Monday Mar 20, 2023
How To Complete Your Personal Projects.
Monday Mar 20, 2023
Monday Mar 20, 2023
How confident are you setting up a project and delivering it on time every time? If you struggle in this areas, then this podcast is for you.
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Episode 268 | Script
Hello and welcome to episode 268 of the Working With Podcast. A podcast to answer all your questions about productivity, time management, self-development and goal planning. My name is Carl Pullein and I am your host for this show.
Completing our personal projects is something we all frequently find difficult. This is largely because there’s usually nobody holding us accountable and we don’r have access to the same resources our companies will have. However, it does not have to be difficult if we follow a simple formula.
I’ve spent many years studying how NASA went from a seemingly impossible challenge to successfully landing Neil Armstrong on the Moon in 1969.
When that project was first floated by President Kennedy in May 1961, NASA lacked the knowledge of whether humans could survive in space, they were struggling to get a rocket off the ground, and the nobody had left the confines of Earth’s orbit. Yet, eight years later, Neil Armstrong spoke those infamous words: “That’s one small step for man. One giant leap for mankind”.
Now it’s true that NASA did not have to worry about resources, Congress gave them the money to make this happen. But it was not all about the money. Sure, that helped, but the technology still needed to be invented, scientists had to work out how to get a spaceship out of Earths orbit and into the Moon’s orbit and they needed to know if humans could survive in space and if so, how.
I’ve always been a believer in finding the success stories and then breaking them down to their component parts to understand how the success happened. It’s why I know there is no such things as an overnight success, there’s much more to completing a project than being in the right place at the right time.
And with the Moon landings, everything is there to show you the roadmap towards completing a project—or a goal for that matter—all we need to do is break it down. And that is what we will do in this episode.
So, let me now hand you over to the Mystery Podcast Voice for this week’s question.
This week’s question comes from Jonathan. Jonathan asks, Hi Carl, one thing I really struggle with is working on my personal projects. I have some home improvement projects that I’ve had on my list for years and I just never seem to get around to doing them. Do you have any tips on getting these projects done?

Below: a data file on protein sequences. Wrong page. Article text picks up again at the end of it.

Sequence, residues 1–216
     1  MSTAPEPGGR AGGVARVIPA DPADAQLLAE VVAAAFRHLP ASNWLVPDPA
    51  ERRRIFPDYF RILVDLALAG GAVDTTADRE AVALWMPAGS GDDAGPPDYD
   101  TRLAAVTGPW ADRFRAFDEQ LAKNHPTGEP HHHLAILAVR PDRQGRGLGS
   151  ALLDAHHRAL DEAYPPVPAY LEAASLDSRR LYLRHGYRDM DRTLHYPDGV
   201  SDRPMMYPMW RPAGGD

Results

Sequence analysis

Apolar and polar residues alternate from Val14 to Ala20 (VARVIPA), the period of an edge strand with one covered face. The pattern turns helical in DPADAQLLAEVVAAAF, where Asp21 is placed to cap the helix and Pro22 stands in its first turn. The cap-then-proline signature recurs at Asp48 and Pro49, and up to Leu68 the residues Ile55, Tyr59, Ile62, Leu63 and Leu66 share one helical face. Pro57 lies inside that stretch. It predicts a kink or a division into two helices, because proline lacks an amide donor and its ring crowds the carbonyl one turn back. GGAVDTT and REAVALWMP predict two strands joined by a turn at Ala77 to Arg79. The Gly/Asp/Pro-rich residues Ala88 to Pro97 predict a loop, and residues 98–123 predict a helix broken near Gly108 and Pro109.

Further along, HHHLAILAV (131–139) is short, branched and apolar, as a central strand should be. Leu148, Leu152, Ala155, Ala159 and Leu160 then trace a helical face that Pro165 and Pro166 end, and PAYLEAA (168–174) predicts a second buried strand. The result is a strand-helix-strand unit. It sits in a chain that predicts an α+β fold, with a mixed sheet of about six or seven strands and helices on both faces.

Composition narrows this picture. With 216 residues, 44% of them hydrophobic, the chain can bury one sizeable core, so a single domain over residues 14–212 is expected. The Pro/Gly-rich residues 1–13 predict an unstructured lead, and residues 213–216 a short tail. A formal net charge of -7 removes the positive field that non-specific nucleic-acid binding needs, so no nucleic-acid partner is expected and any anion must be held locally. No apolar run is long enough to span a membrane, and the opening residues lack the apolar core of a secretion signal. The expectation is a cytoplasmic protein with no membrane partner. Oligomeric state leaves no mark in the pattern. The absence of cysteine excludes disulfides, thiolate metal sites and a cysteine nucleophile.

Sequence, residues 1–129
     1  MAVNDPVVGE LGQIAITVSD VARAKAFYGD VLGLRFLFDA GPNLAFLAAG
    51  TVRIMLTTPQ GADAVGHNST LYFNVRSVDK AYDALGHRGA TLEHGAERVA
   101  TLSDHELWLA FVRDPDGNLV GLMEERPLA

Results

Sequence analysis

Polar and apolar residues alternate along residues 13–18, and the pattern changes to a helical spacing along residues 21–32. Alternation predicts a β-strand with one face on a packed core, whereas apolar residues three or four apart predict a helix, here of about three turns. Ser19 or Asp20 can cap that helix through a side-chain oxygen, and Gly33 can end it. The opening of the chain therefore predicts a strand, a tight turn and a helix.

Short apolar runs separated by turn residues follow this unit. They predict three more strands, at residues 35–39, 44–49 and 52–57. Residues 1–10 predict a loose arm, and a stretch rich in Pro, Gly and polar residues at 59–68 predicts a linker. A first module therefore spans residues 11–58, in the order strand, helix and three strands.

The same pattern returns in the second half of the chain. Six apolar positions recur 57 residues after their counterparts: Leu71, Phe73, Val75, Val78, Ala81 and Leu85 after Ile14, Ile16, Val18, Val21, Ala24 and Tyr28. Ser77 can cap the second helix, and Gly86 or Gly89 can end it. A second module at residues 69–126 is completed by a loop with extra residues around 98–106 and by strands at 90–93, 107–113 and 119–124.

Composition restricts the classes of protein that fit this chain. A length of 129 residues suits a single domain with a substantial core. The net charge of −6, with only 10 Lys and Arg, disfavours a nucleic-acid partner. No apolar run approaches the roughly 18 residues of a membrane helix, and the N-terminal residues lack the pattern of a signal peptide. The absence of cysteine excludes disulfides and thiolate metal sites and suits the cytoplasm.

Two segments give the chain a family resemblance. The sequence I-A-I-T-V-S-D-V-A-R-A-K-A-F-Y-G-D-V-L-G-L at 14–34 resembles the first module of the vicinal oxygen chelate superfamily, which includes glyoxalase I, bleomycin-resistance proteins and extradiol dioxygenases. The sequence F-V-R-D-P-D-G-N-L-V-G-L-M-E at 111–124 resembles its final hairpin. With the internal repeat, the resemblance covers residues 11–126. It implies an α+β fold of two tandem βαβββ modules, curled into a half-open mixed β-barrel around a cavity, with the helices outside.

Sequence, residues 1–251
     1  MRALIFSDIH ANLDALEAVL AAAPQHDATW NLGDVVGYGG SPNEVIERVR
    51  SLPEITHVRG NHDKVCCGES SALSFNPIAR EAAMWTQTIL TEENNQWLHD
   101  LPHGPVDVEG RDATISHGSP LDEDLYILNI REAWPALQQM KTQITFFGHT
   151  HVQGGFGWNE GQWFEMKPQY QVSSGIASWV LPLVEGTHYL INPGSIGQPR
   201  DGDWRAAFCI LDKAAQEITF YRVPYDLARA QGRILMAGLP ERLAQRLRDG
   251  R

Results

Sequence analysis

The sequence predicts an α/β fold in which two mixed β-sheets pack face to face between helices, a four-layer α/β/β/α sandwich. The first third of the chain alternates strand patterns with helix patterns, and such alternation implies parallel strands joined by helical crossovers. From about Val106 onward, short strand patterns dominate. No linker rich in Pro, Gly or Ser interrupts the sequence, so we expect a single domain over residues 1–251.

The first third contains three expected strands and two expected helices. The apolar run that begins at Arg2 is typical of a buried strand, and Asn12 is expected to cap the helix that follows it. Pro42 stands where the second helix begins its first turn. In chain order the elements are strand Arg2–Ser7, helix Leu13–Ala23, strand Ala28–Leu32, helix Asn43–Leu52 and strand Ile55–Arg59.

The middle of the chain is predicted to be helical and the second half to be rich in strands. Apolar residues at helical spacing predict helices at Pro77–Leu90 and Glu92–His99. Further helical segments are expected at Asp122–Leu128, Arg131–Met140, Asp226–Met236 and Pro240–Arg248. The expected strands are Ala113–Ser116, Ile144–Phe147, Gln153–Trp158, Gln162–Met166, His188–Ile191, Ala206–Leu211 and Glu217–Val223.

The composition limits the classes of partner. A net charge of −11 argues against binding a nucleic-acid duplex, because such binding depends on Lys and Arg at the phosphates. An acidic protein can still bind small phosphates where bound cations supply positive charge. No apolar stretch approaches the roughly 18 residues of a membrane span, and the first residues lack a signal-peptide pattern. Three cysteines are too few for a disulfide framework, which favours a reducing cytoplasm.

Hi Jonathan, thank you for your question.
Firstly I must start by saying this is something very common and you shouldn’t beat yourself up over this, Jonathan. The good news this is an opportunity to develop skills.
Now, let’s begin with what I talked about a moment ago with the clarifying sentence. I used to talk about this as the clarifying statement, but somehow the word “statement” invited people to write line after line of words defining what the project was. No. That’s not what you are trying to achieve here. What you are looking for is a simple sentence that gives clarity on what you want to accomplish with the project.
Going back to the John F Kennedy sentence setting the parameters of the Moon landing project when he stood before Congress and announced that the US;
"should commit itself to achieving the goal, before this decade is out, of landing a man on the Moon and returning him safely to the Earth."
Twenty-six words that set NASA on a course that captivated the world. Those words were clear, contained a deadline and left no-one in doubt about what was to be achieved.
Now, Kennedy was no scientist. He was a student of government and international affairs. Certainly nothing that gave him a deep knowledge of the science and engineering feats required to land and walk on the moon.
But that didn’t matter, Kennedy was the leader, not the implementer. There was a reservoir of talented, motivated scientists and engineers ready to take up the “challenge” and turn Kennedy’s project outcome into a reality.